Volume 80, Number 12 | August 19 - 25, 2010
West and East Village, Chelsea, Soho, Noho, Little Italy, Chinatown and Lower East Side, Since 1933

Talking Point

K-Rod as ‘spoiled priest’; Mixed thoughts on mosque


The late James A. Wechsler, editor, columnist, liberal diehard and baseball enthusiast, once said to me that a skinny new young Mets pitcher named Gary Gentry looked to him like nothing so much as “a Yeshiva grad student.”

A certain Louise, also now gone, once, when I got her to glance televisionwise at a new young Mets outfielder named Darryl Strawberry, stood transfixed in admiration before she said: “I didn’t know he’d be as beautiful as a ballet dancer.”

Yeshiva grad student, ballet dancer — why not a priest? A spoiled priest.

It was, I think, the adhesive-tape strips that started me on this wild-goose chase. Graham Greene would surely have noticed those adhesive-tape strips.

Graham Greene noticed everything — false teeth, for instance — no, the obscured absence of teeth — in a very minor character in “The Power and the Glory.”

Maybe they aren’t adhesive tape. But whatever they are, they’re manifestly there to plaster the temples of his eyeglasses to — well, K-Rod’s own temples — as he peers with white-hot religious intensity through those lenses to detect how many fingers the catcher is flashing at him.

Baseball on television is remarkable these days in taking you, the viewer, straight and astonishingly close up into the face of the pitcher — any pitcher, every pitcher — as he’s mulling what pitch to throw next. The thing is, whenever Francisco Rodriguez of Caracas, Venezuela, and Queens, New York, was doing his mulling, I kept seeing him as one of those spoiled priests out of Graham Greene and Bernard Shaw and the novels and plays of various other great writers.

You remember the one in Shaw’s “Saint Joan” — that bloodthirsty little bastard toward the end of the play who couldn’t wait for the torch to be put to the branches surrounding Joan at the stake; but then, when she was actually burning to death, was too horrified by her agony to be able to keep looking.

That was a spoiled priest.

And so was the priest-on-the-run from anti-clerical Mexican revolutionaries, an all too human “whiskey priest,” father of an illegitimate child, in that haunting Graham Greene work first published in England in 1940 as “The Labyrinthine Way” (title borrowed from Francis Thompson’s “The Hound of Heaven.”)

I don’t say Francisco Rodriguez ever wanted to see anybody burned at the stake or pursued through the byways and family lounges of Citi Field, unless it was someone who might someday hit a home run off him. Or, mayhap, the chastising grandfather of Francisco’s 11-month-old, common-law twins. I’m just saying that for some time before the present brouhaha I have regarded this Francisco, while he stares blazingly through his beardlet toward home plate, as some latter-day variety of spoiled priest.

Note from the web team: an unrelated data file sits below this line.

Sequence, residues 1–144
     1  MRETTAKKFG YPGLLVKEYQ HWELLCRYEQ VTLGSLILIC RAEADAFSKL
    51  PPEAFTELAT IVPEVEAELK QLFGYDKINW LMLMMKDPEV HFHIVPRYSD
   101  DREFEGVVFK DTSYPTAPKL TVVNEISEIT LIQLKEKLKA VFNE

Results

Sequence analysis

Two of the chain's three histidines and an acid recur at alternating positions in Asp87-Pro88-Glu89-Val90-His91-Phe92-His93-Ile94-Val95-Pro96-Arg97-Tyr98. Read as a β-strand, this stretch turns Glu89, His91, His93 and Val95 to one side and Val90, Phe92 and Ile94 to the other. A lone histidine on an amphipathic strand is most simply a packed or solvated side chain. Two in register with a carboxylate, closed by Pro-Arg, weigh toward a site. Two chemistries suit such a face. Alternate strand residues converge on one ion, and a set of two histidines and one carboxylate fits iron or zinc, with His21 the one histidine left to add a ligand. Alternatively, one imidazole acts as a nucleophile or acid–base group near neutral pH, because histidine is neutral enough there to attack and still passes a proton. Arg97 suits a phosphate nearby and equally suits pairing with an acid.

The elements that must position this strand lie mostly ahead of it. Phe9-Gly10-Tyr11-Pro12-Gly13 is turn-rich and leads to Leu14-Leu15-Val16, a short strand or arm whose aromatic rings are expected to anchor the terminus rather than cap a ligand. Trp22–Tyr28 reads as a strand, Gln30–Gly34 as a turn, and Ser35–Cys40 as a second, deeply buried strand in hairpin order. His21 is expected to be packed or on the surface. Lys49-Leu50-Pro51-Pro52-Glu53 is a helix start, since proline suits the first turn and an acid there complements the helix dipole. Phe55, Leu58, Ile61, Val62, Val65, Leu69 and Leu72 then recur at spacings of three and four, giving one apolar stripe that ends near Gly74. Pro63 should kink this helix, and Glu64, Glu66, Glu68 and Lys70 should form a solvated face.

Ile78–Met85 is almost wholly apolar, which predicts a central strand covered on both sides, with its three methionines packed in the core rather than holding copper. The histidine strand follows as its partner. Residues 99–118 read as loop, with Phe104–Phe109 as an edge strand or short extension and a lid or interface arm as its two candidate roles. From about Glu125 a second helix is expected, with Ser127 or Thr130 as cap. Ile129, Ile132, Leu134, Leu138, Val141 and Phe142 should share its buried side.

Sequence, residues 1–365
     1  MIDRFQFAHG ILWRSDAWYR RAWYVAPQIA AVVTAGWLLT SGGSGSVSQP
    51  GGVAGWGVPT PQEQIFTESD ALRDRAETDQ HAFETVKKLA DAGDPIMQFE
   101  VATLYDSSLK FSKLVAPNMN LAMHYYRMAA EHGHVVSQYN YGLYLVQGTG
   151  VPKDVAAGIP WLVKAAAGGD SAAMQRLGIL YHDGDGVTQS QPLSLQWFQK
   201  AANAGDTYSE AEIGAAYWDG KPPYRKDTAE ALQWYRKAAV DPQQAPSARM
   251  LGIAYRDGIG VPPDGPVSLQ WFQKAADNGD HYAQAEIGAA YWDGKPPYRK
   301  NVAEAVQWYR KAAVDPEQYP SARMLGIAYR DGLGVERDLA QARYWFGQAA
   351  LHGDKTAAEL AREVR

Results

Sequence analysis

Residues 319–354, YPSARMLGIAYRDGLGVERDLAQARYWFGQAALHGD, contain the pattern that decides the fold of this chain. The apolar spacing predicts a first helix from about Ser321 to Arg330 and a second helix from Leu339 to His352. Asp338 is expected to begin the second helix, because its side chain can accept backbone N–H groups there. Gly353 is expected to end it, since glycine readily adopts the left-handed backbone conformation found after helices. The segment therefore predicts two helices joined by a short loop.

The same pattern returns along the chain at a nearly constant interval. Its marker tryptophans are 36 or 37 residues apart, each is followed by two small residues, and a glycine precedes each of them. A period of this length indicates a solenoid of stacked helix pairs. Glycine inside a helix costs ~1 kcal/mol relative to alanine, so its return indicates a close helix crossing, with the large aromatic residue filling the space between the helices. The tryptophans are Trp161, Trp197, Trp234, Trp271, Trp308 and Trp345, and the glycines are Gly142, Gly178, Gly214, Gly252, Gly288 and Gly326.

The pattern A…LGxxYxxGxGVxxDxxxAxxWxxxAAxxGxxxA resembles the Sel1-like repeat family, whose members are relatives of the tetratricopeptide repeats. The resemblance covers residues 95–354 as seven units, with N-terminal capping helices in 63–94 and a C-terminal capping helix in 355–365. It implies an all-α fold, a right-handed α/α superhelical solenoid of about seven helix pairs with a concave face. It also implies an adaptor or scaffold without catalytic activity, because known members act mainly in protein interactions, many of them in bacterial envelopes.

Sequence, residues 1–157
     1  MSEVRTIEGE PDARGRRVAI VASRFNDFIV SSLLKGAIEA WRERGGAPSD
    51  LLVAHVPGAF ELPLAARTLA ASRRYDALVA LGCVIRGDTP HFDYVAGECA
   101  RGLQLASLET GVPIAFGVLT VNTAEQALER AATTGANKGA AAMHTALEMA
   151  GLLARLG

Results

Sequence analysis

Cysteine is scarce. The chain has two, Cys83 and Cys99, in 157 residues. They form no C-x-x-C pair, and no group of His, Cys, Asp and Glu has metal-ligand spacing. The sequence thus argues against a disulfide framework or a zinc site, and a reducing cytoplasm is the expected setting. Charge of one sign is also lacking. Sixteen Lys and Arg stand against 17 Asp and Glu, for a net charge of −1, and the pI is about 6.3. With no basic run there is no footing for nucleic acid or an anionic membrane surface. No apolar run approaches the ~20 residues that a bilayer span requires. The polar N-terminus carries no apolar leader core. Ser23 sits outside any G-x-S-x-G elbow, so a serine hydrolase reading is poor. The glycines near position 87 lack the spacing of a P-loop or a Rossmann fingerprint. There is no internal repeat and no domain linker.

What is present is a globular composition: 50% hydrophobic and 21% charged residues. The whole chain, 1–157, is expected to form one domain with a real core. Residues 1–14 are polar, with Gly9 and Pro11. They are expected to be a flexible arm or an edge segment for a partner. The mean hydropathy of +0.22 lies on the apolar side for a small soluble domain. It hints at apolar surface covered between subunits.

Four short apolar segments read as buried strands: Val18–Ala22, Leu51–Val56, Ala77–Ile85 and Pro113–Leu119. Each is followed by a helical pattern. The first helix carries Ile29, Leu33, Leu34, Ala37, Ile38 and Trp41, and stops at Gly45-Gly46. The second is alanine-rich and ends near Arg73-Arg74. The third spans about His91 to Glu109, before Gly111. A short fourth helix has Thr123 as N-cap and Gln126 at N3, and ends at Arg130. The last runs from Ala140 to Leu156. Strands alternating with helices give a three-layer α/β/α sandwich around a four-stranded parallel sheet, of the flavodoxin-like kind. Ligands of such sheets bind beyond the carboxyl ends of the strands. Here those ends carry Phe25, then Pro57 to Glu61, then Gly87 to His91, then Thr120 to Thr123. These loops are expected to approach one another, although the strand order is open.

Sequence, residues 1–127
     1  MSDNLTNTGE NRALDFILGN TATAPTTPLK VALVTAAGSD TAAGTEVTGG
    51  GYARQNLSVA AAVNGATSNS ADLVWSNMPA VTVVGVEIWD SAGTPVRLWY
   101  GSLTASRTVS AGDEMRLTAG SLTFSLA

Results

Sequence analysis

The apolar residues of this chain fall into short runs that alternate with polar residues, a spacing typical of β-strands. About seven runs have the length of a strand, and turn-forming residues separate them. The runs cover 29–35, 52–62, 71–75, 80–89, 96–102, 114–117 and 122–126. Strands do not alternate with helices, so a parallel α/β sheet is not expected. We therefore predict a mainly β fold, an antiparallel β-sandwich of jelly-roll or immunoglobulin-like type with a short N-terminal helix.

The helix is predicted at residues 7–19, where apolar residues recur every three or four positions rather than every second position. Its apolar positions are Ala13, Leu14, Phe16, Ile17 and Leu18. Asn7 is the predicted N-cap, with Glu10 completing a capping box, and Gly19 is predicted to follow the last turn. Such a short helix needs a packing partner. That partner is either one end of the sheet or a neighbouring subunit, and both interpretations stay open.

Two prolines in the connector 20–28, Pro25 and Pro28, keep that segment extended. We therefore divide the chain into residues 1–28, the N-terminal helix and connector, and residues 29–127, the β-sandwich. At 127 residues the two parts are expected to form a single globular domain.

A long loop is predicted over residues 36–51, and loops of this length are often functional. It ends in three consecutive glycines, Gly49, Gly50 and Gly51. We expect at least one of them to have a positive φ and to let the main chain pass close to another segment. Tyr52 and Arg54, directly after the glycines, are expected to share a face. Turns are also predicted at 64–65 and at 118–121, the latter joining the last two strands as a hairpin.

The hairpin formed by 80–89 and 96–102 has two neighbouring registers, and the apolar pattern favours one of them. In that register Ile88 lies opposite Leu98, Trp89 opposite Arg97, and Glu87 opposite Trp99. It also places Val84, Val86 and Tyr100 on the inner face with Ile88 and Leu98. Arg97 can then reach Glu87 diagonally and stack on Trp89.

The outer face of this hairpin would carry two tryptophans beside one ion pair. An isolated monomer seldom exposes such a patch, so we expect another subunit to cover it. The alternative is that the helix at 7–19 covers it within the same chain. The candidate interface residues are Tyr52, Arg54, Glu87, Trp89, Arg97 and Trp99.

Why do they call him K-Rod? That, too, is ridiculous. There’s this other ballplayer, see? A fellow right here from Washington Heights, once a shortstop, now a third baseman, a homerun slugger as introspective as any priest (more boringly introspective, one might add), and his name is Alex Rodriguez, headline-shortened long ago to A-Rod.

The more particular Rodriguez, the domestically entangled one, is a Mets relief pitcher who strikes out a lot of hitters when he’s on his game. Strikeouts are charted as K’s in baseball shorthand. Ergo: Striker-out Rodriguez. K-Rod. Get it?

Father K-Rod, as it were.

 * * *

The Villager’s Lincoln Anderson said: “What can I do for you?”

I said I thought I could write a piece about Francisco Rodriguez.

“Do you have any thoughts about The Mosque?” said Lincoln.

Thoughts? About The Mosque? That Mosque? I have lots of thoughts, dozens of thoughts, all contradictory.

Let’s see.

There’s this thing called the Fourteenth Amendment. There’s this other thing called the First Amendment. There’s this overarching thing called the Constitution of the United States of America.

If one believes in any of that, and I happen to believe in all of that, then there’s no way you can legally oppose anybody’s right to worship whatever he or she wishes to worship anywhere in this country, be it two blocks from Ground Zero or 52 blocks.

So I’m with the president on this, slow as he’s been to get to where he’s at.

And I am — surprisingly, because I don’t much like the man or a lot of his ideas — with Michael Bloomberg on this. And I’m really quite shocked — well, not shocked, but sort of revolted — by the Anti-Defamation League’s out-of-the-blue, anti-Mosque switcheroo from the traditional, basic A.D.L. principles of freedom of religion. (Can’t you just imagine the ugly big-money pressure that led to that about-face?)

Hey, A.D.L., how do you like being on the same side, ideologically, as all the know-nothings out there who want to repeal the Fourteenth Amendment, not to mention all the other Amendments?

That said, there is, however, also the small matter of forms of worship that are dedicated to the destruction of the United States of America and all its people.

The promoters who want to put that mosque and community center down there should have been — should be — sensitive enough to not stoke the fires of bigotry, ignorance and ethnic hatred by cocking that ostensibly peacemaking gesture right on the sorest snook — unhealable wound — in this nation’s history.

It’s as if — someone said to me yesterday — the Mosque-ites are thumbing their noses at the very Constitution that protects them.

In short, I wish to God they had planted their mosque just a few blocks farther away from Ground Zero. But, as the old malarkey goes, I will defend to the death their right not to do that.

Father, you may now say Mass.


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